The 10 Largest Auto Insurance Companies in Arkansas
Who are the largest insurers in Arkansas? Take a look at the data below to find out.
|Company Direct||Premiums Written||Loss Ratio||Market Share|
|Allstate Insurance Group||$141,053||47.21%||7.24%|
|Farmers Insurance Group||$79,776||52.42%||4.10%|
|Liberty Mutual Group||$80,245||61.30%||4.12%|
|Nationwide Corp Group||$57,506||51.80%||2.95%|
|Shelter Insurance Group||$167,424||67.43%||8.60%|
|Southern Farm Bureau Casualty Group||$248,792||69.46%||12.78%|
|State Farm Group||$500,195||66.99%||25.69%|
Number of Auto Insurance Providers in Arkansas
There are 899 providers in Arkansas — 12 domestic and 887 foreign.
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Laws in Arkansas
In order to keep your auto insurance rates low, you have to know the laws in your state so you’re not blindsided by a fine.
Don’t worry! We’re here to help.
Keep reading to learn about the laws specific to the state of Arkansas.
Auto Insurance Laws in Arkansas
Auto insurance laws vary from state to state, and Arkansas is no different, but they are certainly more confusing than other states’ laws.
Arkansas has important laws worth noting, especially as it relates to cell phone use, hand-held device use, and texting while driving, sometimes depending on age, type of driver, and type of driving zone.
Sounds like a case-by-case situation, right? Well, it is.
Arkansas has a cell phone ban on any drivers younger than 18; however, drivers between the ages of 18 and 21 are permitted to use a cellphone and have only a hand-held ban.
Additionally, cell phone use by motorists under 18 or while driving through a school or work zone is only secondarily enforced, meaning, a driver must also be breaking a primarily enforced law in order to receive a citation for breaking a secondarily enforced law.
However, if a school bus driver is using a cellphone, enforcement becomes primary.
All drivers, no matter age or type of driving zone, have a texting ban, and it is primarily enforced. All drivers also have a hand-held ban, but only in school and highway work zones.
So, you may be asking yourself…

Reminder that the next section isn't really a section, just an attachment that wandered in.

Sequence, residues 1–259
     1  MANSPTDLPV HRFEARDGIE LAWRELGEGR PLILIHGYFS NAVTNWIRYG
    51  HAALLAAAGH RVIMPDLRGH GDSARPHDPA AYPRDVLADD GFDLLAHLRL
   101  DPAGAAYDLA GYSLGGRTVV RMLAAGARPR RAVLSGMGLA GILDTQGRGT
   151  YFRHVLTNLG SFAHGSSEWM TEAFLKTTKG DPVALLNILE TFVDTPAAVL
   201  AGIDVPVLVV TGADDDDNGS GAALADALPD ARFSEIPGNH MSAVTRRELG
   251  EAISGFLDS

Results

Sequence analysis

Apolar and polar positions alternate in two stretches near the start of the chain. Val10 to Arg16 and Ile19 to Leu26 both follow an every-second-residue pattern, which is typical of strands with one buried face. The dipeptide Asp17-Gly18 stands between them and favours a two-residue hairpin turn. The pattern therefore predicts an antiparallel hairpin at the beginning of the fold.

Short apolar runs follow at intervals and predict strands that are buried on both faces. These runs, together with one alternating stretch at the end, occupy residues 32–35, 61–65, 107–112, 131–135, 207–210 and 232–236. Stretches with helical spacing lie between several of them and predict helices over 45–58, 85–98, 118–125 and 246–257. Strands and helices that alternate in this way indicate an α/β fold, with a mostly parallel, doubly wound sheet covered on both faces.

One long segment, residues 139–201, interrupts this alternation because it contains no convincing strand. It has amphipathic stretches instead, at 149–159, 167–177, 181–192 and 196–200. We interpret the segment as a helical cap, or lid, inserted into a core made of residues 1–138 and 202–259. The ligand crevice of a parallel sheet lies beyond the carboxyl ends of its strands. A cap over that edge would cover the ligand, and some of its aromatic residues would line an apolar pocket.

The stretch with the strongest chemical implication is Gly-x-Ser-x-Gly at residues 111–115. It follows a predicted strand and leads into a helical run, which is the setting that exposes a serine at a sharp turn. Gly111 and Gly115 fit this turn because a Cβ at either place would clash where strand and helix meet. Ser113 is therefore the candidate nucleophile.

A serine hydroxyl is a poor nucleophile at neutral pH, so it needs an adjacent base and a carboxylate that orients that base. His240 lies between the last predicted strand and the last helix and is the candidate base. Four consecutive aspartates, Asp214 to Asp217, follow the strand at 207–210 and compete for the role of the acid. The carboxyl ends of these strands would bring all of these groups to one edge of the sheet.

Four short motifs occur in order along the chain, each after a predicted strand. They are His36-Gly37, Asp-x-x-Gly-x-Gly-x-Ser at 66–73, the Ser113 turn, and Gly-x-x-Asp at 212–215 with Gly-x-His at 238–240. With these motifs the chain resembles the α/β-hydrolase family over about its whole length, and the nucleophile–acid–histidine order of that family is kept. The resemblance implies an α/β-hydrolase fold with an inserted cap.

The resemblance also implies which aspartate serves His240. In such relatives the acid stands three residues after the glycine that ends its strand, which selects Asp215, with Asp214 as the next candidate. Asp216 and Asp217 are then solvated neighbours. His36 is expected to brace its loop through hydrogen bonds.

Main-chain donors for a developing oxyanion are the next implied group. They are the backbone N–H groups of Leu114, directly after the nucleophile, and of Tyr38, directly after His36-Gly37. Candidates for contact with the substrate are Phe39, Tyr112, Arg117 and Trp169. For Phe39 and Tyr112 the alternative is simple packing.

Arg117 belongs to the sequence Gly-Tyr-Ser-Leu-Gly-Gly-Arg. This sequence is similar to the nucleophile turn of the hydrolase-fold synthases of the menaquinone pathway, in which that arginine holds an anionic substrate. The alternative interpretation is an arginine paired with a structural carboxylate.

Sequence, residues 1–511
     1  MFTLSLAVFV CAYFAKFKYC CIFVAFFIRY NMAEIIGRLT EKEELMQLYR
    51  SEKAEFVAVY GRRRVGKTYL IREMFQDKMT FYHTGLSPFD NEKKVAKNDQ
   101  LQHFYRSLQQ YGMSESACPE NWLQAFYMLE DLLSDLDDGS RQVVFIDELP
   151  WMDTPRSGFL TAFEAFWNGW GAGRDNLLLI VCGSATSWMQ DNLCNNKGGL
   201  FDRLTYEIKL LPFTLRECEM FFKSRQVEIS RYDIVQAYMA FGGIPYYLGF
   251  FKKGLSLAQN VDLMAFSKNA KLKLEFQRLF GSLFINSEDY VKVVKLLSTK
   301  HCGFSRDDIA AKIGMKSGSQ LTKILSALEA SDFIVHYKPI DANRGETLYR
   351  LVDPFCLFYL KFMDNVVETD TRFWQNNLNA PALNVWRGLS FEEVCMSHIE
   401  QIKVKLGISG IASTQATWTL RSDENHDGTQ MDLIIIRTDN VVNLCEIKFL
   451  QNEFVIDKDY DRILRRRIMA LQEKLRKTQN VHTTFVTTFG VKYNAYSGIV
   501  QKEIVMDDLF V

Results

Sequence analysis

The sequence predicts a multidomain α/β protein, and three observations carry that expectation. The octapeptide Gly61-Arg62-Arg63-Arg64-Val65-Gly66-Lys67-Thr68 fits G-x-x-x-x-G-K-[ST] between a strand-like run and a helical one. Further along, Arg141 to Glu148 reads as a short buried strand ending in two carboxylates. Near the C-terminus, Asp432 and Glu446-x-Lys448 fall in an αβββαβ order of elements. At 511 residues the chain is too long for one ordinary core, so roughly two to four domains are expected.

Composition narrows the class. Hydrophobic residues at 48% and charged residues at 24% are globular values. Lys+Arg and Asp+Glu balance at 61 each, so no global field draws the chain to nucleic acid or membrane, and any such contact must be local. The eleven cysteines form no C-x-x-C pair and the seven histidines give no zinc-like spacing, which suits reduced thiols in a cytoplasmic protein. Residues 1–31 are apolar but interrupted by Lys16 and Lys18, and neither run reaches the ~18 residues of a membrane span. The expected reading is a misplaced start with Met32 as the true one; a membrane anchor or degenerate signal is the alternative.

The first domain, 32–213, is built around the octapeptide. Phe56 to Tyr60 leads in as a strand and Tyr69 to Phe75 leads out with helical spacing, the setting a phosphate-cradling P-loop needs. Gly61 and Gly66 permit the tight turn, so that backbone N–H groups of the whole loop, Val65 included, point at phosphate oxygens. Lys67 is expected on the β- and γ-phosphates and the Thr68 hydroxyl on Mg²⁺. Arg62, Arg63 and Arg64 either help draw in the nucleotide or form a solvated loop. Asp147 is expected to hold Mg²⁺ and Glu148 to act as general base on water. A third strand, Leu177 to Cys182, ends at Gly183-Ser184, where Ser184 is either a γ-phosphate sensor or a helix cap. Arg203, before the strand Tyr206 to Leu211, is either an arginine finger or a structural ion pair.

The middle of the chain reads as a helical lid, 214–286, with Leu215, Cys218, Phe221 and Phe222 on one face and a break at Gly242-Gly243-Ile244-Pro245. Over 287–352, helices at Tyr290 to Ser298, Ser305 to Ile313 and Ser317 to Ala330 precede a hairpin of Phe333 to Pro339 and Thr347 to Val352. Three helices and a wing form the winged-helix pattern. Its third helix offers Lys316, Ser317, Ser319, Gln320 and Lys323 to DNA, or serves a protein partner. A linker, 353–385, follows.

If a school bus driver aged 21 is pulled over for speeding in a school zone and is using a walkie-talkie rather than a cellphone… are you cross-eyed yet? Maybe this reporter can explain it better.
Let’s just stay on the safe side and, while driving in Arkansas, not use any type of device while behind the wheel, no matter your age, your job, or the type of driving zone.
When it comes to the older population, Arkansas grants motorists over the age of 70 the personal choice in renewing their driver’s license every four years or every eight years, but they must get a vision exam every time they renew. Which option do you think they will choose?
How about some good news?
Seat belt laws are under standard enforcement.
The bad news?
Seat belt non-use cannot decrease monetary awards for injuries in lawsuits, so it is especially important to consider adding additional liability coverage to your policy.
For drivers with a history of accidents or traffic violations, they may find themselves unable to purchase coverage from an auto insurance carrier. This is where a type of insurance known as high-risk insurance comes into play.
But, don’t fret!
If you are having trouble finding an auto insurance carrier, you may apply for insurance through the Arkansas Automobile Insurance Plan.
You can apply to the plan through any auto insurance agent licensed to do business in Arkansas. However, once your application is processed, you may be assigned to a different auto insurance company.